Gas welding includes all the processes in which fuel gases are used in combination with oxy­gen to obtain a gas flame. The commonly used gases are acetylene, natural gas, and hydrogen in combination with oxygen. Oxyhydrogen welding was the first commercially used gas proc­ess which gave a maximum temperature of 1980°C at the tip of the flame. The most commonly used gas combination is oxyacetylene process which produces a flame temperature of 3500°C. This process will be discussed in detail in the following paragraphs.

1. Oxyacetylene welding flame uses oxygen and acetylene. Oxygen is commercially made by liquefying air, and separating the oxygen from nitrogen. It is stored in cylinders as

shown in Fig. 2.1 at a pressure of 14 MPa. Acetylene is obtained by dropping lumps of calcium carbide in water contained in an acetylene generator according to the following reaction.

CaC2 + 2H2O = Ca(OH)2 + C2H2 Calcium carbide + Water = Slaked lime + Acetylene gas

Tank pressure gage Tank valve

Line pressure gage

All fittings on oxygen cylinder have right hand threads


To welding torch

Oxygen tank 2

pressure 1550 N/mm (max.)

Fig. 2.1 Cylinders and regulators for oxyacetylene welding [1]


Acetylene regulator

Pressure gages

Tank valve

All fittings
have left hand
threads for

Acetylene cylinder


175 N/mm2 (max.)

2. Concentrated heat liberated at the inner cone is 35.6% of total heat. Remaining heat develops at the outer envelope and is used for preheating thus reducing thermal gradient and cooling rate improving weld properties.

3. 1 Volume O2 is used to burn 1 Volume of acetylene, in the first reaction. This oxygen

is supplied through the torch, in pure form 1 — Volume of additional oxygen re-


quired in the second reaction is supplied from the atmosphere.

4. When oxygen is just enough for the first reaction, the resulting flame is neutral. If less than enough, ^ the flame is said to be reducing flame. If more than enough oxygen is supplied in the first reaction, the flame is called an oxidizing flame.

5. Neutral flame has the widest application.

• Reducing flame is used for the welding of monel metal, nickel and certain alloy steels and many of the non-ferrous, hardsurfacing materials.

• Oxidising flame is used for the welding of brass and bronze.

Torch and mixing device




Manual control valves




1275 C

Inner Luminous cone: 1st reaction

C2H2 + O2 > 2 CO + H2



Outer envelope (used for pre-heating): 2nd reaction 2CO + O2 = 2CO2 + 570 kJ/mol of acetylene

H2 + - O2 = H2O + 242 kJ/mol

Total heat liberated by 1st reaction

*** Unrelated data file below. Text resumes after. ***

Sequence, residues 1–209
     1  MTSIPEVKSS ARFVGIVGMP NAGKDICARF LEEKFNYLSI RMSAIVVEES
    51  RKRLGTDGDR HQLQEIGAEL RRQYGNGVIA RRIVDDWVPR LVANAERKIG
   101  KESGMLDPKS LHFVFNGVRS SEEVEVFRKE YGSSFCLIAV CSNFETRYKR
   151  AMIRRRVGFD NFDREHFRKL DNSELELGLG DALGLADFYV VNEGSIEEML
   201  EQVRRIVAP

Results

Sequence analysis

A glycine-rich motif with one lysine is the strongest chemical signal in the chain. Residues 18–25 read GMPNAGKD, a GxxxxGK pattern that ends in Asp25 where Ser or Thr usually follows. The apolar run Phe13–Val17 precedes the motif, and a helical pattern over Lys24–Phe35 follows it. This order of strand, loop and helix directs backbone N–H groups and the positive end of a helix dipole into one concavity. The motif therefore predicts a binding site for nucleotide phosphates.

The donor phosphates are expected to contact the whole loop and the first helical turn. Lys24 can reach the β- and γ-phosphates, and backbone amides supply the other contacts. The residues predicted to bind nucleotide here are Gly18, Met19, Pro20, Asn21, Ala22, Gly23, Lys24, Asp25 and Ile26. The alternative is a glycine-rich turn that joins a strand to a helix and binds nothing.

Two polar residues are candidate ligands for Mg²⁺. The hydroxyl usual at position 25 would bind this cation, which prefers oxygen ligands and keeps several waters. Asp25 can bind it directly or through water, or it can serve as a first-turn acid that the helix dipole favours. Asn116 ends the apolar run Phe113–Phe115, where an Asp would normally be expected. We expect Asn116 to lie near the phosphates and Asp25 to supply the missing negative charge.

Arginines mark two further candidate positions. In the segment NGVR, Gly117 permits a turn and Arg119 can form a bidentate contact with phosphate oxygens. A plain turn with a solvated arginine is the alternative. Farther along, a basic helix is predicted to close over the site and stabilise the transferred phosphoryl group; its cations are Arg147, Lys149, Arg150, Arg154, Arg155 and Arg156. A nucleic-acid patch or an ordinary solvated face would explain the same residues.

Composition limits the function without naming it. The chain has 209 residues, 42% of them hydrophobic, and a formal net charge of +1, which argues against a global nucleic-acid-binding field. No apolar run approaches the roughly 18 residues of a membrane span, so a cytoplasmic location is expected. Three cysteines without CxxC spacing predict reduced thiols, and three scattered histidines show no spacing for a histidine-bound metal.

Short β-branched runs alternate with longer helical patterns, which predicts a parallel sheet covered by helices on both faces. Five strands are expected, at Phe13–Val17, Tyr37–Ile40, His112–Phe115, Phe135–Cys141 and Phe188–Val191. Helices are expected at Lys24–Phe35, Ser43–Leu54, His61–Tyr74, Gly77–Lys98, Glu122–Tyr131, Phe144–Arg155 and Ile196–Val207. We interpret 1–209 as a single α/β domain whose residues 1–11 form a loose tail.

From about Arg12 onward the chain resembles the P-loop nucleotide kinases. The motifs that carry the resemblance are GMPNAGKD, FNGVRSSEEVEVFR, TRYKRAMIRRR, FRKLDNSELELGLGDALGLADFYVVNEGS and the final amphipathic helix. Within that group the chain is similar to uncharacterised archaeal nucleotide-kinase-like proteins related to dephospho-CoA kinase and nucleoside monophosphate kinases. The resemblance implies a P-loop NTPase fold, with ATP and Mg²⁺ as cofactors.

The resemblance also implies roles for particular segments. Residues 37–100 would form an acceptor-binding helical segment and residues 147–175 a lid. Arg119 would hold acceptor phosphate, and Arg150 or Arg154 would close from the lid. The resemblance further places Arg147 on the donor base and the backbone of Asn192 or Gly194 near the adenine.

(227 + 221) = 448 kJ/mol C2H2 Total heat by second reaction = (570 + 242) = 812 kJ/mol of C2H2

Total heat supplied by the combustion = (448 + 812) = 1260 kJ/mol of C2H2

Fig. 2.2 Schematic sketch of oxyacetylene welding torch and gas supply [1].


1. Equipment is cheap and requires little maintenance.

2. Equipment is portable and can be used in field/or in factory.

3. Equipment can be used for cutting as well as welding.

Acetylene is used as a fuel which on reaction with oxygen liberates concentrated heat sufficient to melt steel to produce a fusion weld. Acetylene gas, if kept enclosed, decomposes into carbon and hydrogen. This reaction results into increase in pressure. At 0.2 N/mm2 pres­sure, the mixture of carbon and hydrogen may cause violent explosion even in the absence of oxygen, when exposed to spark or shock. To counter this problem, acetylene is dissolved in acetone. At 0.1 N/mm2 one volume of acetone dissolves twenty volumes of acetylene. This solubility linearly increases to 300 volumes of acetylene per one volume of acetone, at

1.2 N/mm2.

An excess of oxygen or acetylene is used depending on whether oxidising or reducing (carburizing) flame is needed.

Oxidizing (decarburizing) flame is used for the welding of brass, bronze and copper-zinc and tin alloys, while reducing (carburising) flame is used for the welding of low carbon and alloy steels monel metal and for hard surfacing. Neutral flame is obtained when the ratio of oxygen to acetylene is about 1 : 1 to 1.15 : 1. Most welding is done with neutral flame. The process has the advantage of control over workpiece temperature, good welds can therefore be obtained. Weld and HAZ, being wider in gas welding resulting in considerable distortion. Ineffective shielding of weld-metal may result in contamination. Stabilised methyl acetylene

propadiene (MAPP) is replacing acetylene where portability is important. It also gives higher energy in a given volume.

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